Eggless Pasta Dough


This traditional pasta dough often used in southern Italy and Sardinia with no eggs gives a lighter, more chewy pasta which tends to be cooked with sauces to full absorb flavours.

This can be used for a variety of traditionally shaped pastas – I use this for

Follow the links above to show how to shape this pasta

Traditional recipes use only semolina – my semolina is a bit too coarse so I use a mix of 2 parts semolina to 1 part OO pasta flour

I prefer to mix the dough in a food processor – not only is this faster but I believe it makes it easier to establish how much water is needed.  You don’t want a wet, sticky dough – just enough to bring the mix together into a ball.  You can mix this on a clean surface, adding the water to a well in the centre.

To cook, boil in salted water for a few minutes.  It won’t be as soft as egg pasta, and should always be finished by cooking in the pasta source to absorb more flavour

This makes enough for 4-6 people.  Anything that’s not needed right away can be frozen.  When cooking from frozen, do not defrost but expect a few more minutes on the cooking time

Ingredients

  • 300g Semolina
  • 150g OO Pasta Flour
  • A little salt
  • approx 300ml warm water

Method

  • Add semolina, flour & salt to a food processor and blitz for a few seconds to mix
  • With the food processor running, slowly add the water until the dough starts to clump together.  Add more, a few drops at a time until a single ball is formed
  • Tip out onto a dry surface and knead the dough well for 5-10 minutes until a smooth, dry dough is formed
  • Cover in clingfilm and set aside for 30 minutes to allow the gluten to relax before shaping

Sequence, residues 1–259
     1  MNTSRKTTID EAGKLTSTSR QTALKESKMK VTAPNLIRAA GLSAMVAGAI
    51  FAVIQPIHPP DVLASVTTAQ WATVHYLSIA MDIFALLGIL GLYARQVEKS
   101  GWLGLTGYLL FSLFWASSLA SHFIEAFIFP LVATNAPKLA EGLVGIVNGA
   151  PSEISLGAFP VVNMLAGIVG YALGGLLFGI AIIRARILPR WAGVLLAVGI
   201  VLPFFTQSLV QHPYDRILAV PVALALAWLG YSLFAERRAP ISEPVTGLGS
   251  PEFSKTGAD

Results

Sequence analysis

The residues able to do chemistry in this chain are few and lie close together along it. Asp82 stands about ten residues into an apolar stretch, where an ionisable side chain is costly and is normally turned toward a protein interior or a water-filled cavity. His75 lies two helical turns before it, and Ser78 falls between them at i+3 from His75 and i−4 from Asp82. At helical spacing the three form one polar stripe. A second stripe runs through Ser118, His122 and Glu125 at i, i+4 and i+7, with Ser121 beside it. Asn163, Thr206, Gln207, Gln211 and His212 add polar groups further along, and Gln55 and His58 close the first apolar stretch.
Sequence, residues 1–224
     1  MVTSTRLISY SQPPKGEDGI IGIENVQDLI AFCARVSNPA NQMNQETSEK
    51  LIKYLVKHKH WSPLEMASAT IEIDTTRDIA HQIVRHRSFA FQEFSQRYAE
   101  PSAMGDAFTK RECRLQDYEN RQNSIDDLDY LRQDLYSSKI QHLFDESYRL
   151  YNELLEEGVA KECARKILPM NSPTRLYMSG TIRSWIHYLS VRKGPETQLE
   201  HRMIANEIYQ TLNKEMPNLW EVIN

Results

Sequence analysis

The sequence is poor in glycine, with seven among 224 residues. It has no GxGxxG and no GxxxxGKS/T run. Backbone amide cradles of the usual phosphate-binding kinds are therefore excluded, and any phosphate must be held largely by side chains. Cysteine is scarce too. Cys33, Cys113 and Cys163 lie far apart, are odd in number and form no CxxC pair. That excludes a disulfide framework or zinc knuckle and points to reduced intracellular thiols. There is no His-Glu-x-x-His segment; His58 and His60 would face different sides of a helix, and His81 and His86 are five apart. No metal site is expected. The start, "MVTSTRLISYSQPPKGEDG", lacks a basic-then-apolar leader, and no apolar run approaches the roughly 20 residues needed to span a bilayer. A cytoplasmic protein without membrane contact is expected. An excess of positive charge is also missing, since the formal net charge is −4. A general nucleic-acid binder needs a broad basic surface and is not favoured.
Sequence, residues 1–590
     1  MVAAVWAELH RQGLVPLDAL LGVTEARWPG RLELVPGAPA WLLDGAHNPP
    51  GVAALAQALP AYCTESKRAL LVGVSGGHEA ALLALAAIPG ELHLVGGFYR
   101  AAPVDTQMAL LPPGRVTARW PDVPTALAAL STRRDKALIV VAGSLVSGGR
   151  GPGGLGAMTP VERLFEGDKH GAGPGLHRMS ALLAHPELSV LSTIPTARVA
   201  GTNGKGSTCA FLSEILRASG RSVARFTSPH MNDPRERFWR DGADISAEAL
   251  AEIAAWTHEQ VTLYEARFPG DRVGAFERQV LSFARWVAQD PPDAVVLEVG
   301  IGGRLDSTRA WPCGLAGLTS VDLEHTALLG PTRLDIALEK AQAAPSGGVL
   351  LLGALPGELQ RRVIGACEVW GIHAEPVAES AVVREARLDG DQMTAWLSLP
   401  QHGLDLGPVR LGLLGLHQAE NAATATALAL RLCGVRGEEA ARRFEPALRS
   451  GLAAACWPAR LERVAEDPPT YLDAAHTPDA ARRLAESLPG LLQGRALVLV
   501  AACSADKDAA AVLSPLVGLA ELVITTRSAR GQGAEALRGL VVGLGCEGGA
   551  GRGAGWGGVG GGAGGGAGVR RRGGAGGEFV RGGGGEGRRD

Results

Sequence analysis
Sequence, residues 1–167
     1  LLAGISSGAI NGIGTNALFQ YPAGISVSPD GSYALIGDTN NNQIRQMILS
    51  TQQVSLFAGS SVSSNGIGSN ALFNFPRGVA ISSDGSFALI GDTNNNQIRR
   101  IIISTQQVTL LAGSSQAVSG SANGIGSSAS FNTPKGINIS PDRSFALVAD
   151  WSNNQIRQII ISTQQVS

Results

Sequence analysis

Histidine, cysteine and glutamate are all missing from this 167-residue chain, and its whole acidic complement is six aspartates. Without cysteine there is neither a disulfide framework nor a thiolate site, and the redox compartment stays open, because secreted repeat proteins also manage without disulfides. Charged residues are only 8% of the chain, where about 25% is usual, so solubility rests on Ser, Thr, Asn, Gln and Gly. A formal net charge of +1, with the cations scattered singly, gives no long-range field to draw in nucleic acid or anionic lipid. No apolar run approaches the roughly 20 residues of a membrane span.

Now shape your pasta!

Pici

A traditional pasta of Tuscany, we had fun making this on our holiday in a farm around Lucignano.  Often served with a wild boar sauce, this is a spaghetti-type

  • Take a chunk of the dough and roll out with a rolling pin until about 4mm thick
  • Use a sharp knife to cut into strips about 4mm wide
  • Take each strip at at time and roll between the surface & hands to form a long, even thread
  • Set aside on a tray dusted with semolina to dry for about 20-30 minutes before use

IMG_7409

Orecchiette

‘Little Ears’ can be shaped in a variety of ways and often seen served with Broccoli

  • Take a chunk of dough and roll into an even rope about 8mm across
  • With a sharp knife cut into slices, approx 8mm wide
  • Take a piece of dough and place a blunt table knife on the top edge.  Drag the blade towards to you, causing the dough to roll up into a kind of shell
  • Unroll the ‘shell’ with your fingers to reveal the Orecchiette
  • Set aside on a tray dusted with semolina to dry for about 20-30 minutes before use

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Cavatelli

‘Little Hollows’ are shell-shaped pasta made in a very similar fashion to the Orecchiette without the final unfolding, they can be rolled on a gnocchi board or textured mat to give a ridge to help catch the sauce

  • Take a chunk of dough and roll into an even rope about 8mm across
  • With a sharp knife cut into slices, approx 8mm wide
  • Take a piece of dough and
    • place a blunt table knife on the top edge.  Drag the blade towards to you, causing the dough to roll up into a kind of shell.  OR
    • use your index and middle finger, pressing down and pulling towards you to create the ‘shell’. OR
    • repeat the above, but on a gnocchi board or clean textured mat to create a ‘shell’ with a ridged outer surface
  • Set aside on a tray dusted with semolina to dry for about 20-30 minutes before use

Trofie

A thin, twisted pasta from Liguria in Northern Italy, often served with pesto.  Generally overlooked in the UK

  • Take a chunk of dough and roll into an even rope about 8mm across
  • With a sharp knife cut into slices, approx 8mm wide
  • Take a piece of dough between your hands and rub together to create a thin piece of pasta about 3-4 cm long, thinner at the ends than in the centre
  • Lay the pasta piece in front of you and with the blade of a sharp knife on the left hand side held at 45°, draw the knife forwards and to the right, which will roll the dough and create the ‘twist’ effect
  • Set aside on a tray dusted with semolina to dry for about 20-30 minutes before use

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